Yet, despite leading a career that many would consider early-stages stardom, he is adamant that he’s just like anyone else. “When it comes to music shit, bro, I know niggas that are like 14 – 15 years old that are way better than anybody out right now,” he says. “They’re not gonna get the attention they need, because they don’t have the money, you know what I’m talking about?” He’s quick to stress a similar point when I use the word “fame” in one of my questions: “I don’t really feel like I’m a ‘famous person,’ or huge at all. People will hit me up – I answer all of my DMs. They’d be like ‘Whoa, you answer??” I’m like I’m just a nigga, bro. I’m gonna answer. I like talking to people.

When contextualized, it’s easy to see the roots of Bright’s humility. Born in Hampton, VA, he spent a vast majority of his childhood living in Montgomery, where he gained a once-elusive sense of racial pride. Then, with his mother deployed in Iraq, he traveled overseas to attend school on a military base in England. The comforting quality there, he remembers, was that there were no individual friend groups or posses – each student was on speaking terms with the next. “Everybody sat with everybody at lunch,” he says. “There were no real cliques, because everybody cliqued together. Everybody was cool.”

But when the time came for Bright to attend public school in Vegas as a young teenager, he found that he was ostracized. “I remember on the first day of school, I sat somewhere random because I didn’t know where to sit – and somebody kicked me out of the table. I was just like What the fuck? It was such a weird feeling. I realized that in public school, nobody gives a fuck about you.”

Amidst a lifestyle defined by constantly moving parts, isolation has been one unfortunate through-line. Over time, genuine friendships have been few and far between, with already-limited company being hard to hold onto across constantly changing settings. Deep down, he tells me, he knows he’s not well mentally. And on the few occasions that he has met with therapists, nothing has worked. “One time I went to therapy in elementary school, and I went again recently,” he says, “but I’m really shy and I suck at talking to people. I did not talk to that nigga at all.”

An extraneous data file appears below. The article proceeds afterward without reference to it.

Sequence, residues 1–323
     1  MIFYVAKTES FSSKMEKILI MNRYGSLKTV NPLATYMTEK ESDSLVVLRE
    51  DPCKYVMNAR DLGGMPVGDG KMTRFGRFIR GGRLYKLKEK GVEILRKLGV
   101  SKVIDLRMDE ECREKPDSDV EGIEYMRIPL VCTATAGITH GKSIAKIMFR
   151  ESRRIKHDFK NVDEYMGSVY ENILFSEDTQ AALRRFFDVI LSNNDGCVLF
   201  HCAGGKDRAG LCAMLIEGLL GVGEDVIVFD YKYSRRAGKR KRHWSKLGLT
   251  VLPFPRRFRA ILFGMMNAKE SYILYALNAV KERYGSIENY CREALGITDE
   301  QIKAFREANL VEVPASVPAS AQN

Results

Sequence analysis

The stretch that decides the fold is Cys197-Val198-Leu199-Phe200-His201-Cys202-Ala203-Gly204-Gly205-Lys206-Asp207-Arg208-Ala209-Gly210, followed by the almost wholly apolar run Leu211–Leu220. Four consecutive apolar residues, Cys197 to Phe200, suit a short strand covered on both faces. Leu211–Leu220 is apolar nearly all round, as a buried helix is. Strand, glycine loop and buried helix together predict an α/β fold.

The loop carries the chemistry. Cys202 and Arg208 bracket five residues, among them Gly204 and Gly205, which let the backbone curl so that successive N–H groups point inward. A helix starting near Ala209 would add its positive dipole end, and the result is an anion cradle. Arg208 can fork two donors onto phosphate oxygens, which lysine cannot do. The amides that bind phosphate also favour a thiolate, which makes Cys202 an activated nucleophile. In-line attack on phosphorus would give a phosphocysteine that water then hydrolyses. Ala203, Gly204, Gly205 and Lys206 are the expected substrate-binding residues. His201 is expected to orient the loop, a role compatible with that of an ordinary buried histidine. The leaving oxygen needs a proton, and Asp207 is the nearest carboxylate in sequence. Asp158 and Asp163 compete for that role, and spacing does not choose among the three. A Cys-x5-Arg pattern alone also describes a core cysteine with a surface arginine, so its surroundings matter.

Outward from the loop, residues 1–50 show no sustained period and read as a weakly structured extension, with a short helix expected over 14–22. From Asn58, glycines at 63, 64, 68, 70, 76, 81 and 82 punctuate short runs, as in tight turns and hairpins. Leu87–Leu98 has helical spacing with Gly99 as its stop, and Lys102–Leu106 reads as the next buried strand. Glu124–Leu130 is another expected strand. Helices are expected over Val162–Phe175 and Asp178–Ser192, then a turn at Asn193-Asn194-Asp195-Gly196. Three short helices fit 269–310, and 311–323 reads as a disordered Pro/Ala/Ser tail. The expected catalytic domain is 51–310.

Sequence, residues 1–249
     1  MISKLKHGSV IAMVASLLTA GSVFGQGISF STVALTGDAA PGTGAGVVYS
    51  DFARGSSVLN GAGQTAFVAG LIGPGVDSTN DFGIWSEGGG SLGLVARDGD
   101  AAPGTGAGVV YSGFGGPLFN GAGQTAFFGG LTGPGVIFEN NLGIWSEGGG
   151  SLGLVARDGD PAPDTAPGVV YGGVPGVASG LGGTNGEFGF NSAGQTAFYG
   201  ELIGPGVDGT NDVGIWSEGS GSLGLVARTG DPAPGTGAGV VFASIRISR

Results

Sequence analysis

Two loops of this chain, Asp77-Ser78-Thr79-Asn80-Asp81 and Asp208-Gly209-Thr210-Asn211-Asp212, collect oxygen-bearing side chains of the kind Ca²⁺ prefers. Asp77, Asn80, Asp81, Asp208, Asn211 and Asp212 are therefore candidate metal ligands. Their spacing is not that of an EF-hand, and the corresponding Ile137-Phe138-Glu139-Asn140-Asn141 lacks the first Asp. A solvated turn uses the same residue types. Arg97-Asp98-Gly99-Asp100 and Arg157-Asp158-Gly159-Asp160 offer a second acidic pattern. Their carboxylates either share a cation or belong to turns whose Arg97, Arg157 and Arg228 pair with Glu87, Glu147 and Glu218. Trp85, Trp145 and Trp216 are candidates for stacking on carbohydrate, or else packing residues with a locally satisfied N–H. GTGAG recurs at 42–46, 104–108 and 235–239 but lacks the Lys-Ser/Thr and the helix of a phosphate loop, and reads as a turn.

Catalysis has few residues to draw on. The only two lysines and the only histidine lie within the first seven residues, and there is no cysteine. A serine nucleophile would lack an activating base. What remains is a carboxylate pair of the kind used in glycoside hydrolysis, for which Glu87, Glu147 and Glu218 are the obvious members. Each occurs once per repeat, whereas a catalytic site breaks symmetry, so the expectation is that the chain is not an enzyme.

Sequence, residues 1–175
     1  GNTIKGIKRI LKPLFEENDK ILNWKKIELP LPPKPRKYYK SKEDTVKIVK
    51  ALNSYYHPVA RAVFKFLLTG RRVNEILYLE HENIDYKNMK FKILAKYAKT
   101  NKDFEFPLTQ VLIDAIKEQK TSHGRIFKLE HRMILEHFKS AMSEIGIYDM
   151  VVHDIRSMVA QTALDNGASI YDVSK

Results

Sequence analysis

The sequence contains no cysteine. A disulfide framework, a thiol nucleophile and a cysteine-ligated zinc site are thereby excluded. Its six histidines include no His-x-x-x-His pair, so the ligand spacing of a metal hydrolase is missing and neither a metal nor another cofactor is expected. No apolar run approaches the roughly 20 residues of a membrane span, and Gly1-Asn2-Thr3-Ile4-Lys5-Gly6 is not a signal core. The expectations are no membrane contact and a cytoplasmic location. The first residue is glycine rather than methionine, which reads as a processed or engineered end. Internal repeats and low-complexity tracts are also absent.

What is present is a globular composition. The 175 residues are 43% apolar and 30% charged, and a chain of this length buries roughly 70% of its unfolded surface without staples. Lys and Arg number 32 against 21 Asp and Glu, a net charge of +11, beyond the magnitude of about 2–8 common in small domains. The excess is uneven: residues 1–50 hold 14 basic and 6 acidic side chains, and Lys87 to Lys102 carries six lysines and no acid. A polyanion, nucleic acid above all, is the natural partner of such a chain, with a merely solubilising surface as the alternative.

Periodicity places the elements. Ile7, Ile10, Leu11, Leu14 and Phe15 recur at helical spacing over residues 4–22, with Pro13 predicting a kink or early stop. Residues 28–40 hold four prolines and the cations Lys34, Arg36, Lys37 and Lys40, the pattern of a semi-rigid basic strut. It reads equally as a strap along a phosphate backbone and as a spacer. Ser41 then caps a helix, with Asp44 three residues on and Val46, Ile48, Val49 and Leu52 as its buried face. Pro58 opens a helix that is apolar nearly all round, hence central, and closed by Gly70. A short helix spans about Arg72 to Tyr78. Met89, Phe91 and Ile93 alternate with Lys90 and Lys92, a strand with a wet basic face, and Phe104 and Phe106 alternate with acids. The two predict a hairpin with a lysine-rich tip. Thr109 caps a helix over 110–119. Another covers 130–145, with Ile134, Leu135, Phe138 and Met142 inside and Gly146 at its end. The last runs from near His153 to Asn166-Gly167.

One of the most hurtful occurences of such isolation came as a result of his decision to forgo college – a decision that, in itself, received a considerable amount of backlash on its own. The way he explains it, there are two different types of smart people: the kinds that are only intelligent within the four walls of a school building, and the kinds that exhibit their mental capacities elsewhere, in fields where they matter most. Bright cites that his smarts come in the form of emotional intelligence. In spite of friends and family alike trying hard to persuade him into enrollment (his Grandma wrote him a four-page letter on the importance of education and connections a few months ago), the sensitive approach that has already landed him connections with BROCKHAMPTON is the out-of-school genius of his that makes college more of an accessory than a need. 

One day, though, an old friend spoke with him in the midst of an emotional low point. “It seemed like they genuinely cared about what I was talking about, and it was a good conversation because I don’t talk to them that much,” he recounts. “But then they looped it back to going to college. I was like Oh, you don’t care about me. You were just trying to find a way to get me to go to college.”

As Bright earns himself new levels of recognition, shedding non-beneficial relationships has become one more obstacle on a steep learning curve. On Dismay, he raps, over heavy drums and a sense of impending doom: “cutting some niggas off, bro that shit hurted / I had to cut them off because they were burdens / Them niggas high maintenance, hop off my balls / I wonder if my niggas miss me at all.” 

When I ask him about these lyrics, he reflects about the role friendship has played over his still-young artistic journey. “I’m down bad when I make all of my songs- I’m not the happiest person. But I always remember We Wear the Mask, it’s this poem my mom showed me when I was younger,” he says. “I used to not smile in pictures, and she’d be like ‘You gotta at least pretend you’re happy. Come on dawg.’ In Dismay, you really hear that pain. It hurts to cut people off that you’ve confided in and been cool with, when you have to cut them off because they were just being an asshole. You’re just like Damn, bro. If you weren’t an asshole, we would still be cool right now.”